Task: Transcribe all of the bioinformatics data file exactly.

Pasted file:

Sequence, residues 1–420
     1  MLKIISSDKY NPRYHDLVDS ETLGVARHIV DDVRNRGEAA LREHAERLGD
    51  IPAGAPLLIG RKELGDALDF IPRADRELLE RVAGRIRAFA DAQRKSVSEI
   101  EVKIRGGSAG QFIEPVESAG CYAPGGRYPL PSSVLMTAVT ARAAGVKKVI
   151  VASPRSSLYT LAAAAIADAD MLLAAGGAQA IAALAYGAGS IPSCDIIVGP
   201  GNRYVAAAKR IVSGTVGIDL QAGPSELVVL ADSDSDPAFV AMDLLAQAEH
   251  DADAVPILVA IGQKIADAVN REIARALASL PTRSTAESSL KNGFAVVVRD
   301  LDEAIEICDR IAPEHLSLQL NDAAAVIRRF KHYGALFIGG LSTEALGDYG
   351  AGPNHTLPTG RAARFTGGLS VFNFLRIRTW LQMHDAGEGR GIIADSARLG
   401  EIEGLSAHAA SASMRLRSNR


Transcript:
Sequence, residues 1–420
     1  MLKIISSDKY NPRYHDLVDS ETLGVARHIV DDVRNRGEAA LREHAERLGD
    51  IPAGAPLLIG RKELGDALDF IPRADRELLE RVAGRIRAFA DAQRKSVSEI
   101  EVKIRGGSAG QFIEPVESAG CYAPGGRYPL PSSVLMTAVT ARAAGVKKVI
   151  VASPRSSLYT LAAAAIADAD MLLAAGGAQA IAALAYGAGS IPSCDIIVGP
   201  GNRYVAAAKR IVSGTVGIDL QAGPSELVVL ADSDSDPAFV AMDLLAQAEH
   251  DADAVPILVA IGQKIADAVN REIARALASL PTRSTAESSL KNGFAVVVRD
   301  LDEAIEICDR IAPEHLSLQL NDAAAVIRRF KHYGALFIGG LSTEALGDYG
   351  AGPNHTLPTG RAARFTGGLS VFNFLRIRTW LQMHDAGEGR GIIADSARLG
   401  EIEGLSAHAA SASMRLRSNR